As far as I know, a "fatwa" is something different than a
jihad.

----------------

>From Encyclopaedia of the Orient
   Fatwa
   Arabic: fatw‚

   Fatwa is a legal statement in Islam, issued by a mufti or a
religious
   lawyer, on a specific issue.
        Fatwas are asked for by judges or individuals, and are
needed
   in cases where a issue of fiqh is undecided or uncertain.
Lawsuits
   can be settled on the basis of a fatwa.
        It is vital that a fatwa is not based upon the muftis or
lawyers
   own will and ideas, he must render it in accordance with
fixed
   precedent.
        Today, fatwas have limited importance in most Muslim
   societies, and are normally used only in cases of marriage,
   inheritance and divorce. The importance of a fatwa depends on
its acceptance among most
   people, and if people don't care about it, it is in reality
powerless. "

--------

That some highly placed Muslim figures have issued fatwas
ordering execution doesn't make fatwa synonymous with such usage
and it certainly doesn't make it synonymous or even related to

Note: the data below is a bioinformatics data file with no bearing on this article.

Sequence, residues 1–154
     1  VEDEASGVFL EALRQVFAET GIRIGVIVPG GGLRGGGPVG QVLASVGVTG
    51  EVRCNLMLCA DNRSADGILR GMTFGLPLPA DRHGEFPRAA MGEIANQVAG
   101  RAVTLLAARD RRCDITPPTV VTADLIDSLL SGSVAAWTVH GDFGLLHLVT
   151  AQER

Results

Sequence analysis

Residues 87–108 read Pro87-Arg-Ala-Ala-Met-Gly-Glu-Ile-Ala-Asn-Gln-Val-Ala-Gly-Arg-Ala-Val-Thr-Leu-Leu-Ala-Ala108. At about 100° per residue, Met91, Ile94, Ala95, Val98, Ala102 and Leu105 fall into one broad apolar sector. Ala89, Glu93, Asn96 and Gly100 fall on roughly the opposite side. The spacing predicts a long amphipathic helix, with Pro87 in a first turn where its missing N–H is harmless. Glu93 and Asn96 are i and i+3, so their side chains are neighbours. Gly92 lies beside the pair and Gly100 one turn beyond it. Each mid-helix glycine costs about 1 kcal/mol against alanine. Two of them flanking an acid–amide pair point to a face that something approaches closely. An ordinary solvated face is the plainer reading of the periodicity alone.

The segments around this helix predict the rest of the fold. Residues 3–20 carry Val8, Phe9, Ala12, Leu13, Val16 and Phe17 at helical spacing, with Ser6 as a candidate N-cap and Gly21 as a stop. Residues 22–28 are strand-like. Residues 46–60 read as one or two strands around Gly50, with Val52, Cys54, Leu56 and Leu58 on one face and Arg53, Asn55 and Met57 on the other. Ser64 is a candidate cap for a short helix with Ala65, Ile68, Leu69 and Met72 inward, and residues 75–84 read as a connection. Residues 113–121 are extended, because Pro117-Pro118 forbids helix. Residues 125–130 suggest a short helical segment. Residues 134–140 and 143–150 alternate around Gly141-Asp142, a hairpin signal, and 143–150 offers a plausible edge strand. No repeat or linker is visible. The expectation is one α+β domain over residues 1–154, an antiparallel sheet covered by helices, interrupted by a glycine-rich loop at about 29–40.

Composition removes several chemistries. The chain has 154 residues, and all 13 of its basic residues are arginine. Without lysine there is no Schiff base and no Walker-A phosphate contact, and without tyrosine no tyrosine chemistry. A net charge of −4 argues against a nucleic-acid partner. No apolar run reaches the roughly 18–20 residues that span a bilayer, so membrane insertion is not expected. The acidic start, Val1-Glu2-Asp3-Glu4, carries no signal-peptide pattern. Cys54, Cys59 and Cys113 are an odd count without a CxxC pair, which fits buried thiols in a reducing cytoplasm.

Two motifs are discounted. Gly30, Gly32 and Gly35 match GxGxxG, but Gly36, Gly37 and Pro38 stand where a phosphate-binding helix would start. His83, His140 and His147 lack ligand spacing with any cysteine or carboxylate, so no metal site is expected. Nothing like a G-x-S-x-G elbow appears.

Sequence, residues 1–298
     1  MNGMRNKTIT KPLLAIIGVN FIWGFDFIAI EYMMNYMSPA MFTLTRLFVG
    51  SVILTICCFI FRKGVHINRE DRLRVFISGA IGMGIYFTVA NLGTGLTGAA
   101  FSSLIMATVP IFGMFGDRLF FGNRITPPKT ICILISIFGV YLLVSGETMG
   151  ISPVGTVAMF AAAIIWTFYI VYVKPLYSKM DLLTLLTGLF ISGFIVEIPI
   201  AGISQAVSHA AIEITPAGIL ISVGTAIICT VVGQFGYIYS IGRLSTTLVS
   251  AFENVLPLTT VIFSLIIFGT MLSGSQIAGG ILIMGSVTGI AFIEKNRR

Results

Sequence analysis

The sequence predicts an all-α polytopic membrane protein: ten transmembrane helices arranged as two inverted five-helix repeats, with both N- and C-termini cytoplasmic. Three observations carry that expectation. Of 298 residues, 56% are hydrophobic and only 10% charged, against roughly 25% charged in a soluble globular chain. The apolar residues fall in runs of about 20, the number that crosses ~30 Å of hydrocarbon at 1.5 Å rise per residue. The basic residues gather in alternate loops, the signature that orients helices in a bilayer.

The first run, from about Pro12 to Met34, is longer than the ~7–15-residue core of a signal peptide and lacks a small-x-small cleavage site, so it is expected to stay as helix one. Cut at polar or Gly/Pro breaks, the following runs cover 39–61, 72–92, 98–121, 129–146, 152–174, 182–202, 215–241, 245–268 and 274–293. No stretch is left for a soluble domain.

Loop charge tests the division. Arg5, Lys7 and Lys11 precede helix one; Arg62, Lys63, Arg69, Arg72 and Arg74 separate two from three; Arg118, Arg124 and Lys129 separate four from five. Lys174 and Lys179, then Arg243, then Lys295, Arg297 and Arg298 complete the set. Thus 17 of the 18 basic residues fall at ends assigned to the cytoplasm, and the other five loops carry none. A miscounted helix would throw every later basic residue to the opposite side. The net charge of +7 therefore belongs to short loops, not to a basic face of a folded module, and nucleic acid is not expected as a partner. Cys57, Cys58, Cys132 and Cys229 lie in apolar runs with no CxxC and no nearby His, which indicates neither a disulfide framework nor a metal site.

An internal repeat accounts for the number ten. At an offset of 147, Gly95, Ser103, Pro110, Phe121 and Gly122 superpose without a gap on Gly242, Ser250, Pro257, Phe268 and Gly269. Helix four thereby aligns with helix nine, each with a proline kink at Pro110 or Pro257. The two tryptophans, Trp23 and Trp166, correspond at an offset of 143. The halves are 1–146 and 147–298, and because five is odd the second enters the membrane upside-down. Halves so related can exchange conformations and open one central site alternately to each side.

jihad.

----- from
http://www.unn.ac.uk/societies/islamic/jargon/jihad1.htm
JIHAD

" This word has been in frequent use in the Western press over
the past several years, explained directly or subtlely, to mean
holy
 war. As a matter of fact the term "holy war" was coined in
Europe during the Crusades, meaning the war against Muslims. It
 does not have a counterpart in Islamic glossary, and Jihad is
certainly not its translation.

 The word Jihad means striving. In its primary sense it is an
inner thing, within self, to rid it from debased actions or
inclinations,
 and exercise constancy and perseverance in achieving a higher
moral standard. Since Islam is not confined to the boundaries of
 the individual but extends to the welfare of society and
humanity in general, an individual cannot keep improving
 himself/herself in isolation from what happens in their
community or in the world at large, hence the Quranic injunction
to the
 Islamic nation to take as a duty "to enjoin good and forbid
evil." (3:104) It is a duty which is not exclusive to Muslims
but
 applies to the human race who are, according to the Quran,
God's vicegerent on earth. Muslims, however, cannot shirk it
even if
 others do. The means to fulfil it are varied, and in our modern
world encompass all legal, diplomatic, arbitrative, economic,
and
 political instruments. But Islam does not exclude the use of
force to curb evil, if there is no other workable alternative. A
 forerunner of the collective security principle and collective